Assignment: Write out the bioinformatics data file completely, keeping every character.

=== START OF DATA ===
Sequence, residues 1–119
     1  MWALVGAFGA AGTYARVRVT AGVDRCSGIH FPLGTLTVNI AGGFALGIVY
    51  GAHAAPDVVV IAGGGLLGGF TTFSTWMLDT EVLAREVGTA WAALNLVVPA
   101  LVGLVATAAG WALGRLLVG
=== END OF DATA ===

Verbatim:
Sequence, residues 1–119
     1  MWALVGAFGA AGTYARVRVT AGVDRCSGIH FPLGTLTVNI AGGFALGIVY
    51  GAHAAPDVVV IAGGGLLGGF TTFSTWMLDT EVLAREVGTA WAALNLVVPA
   101  LVGLVATAAG WALGRLLVG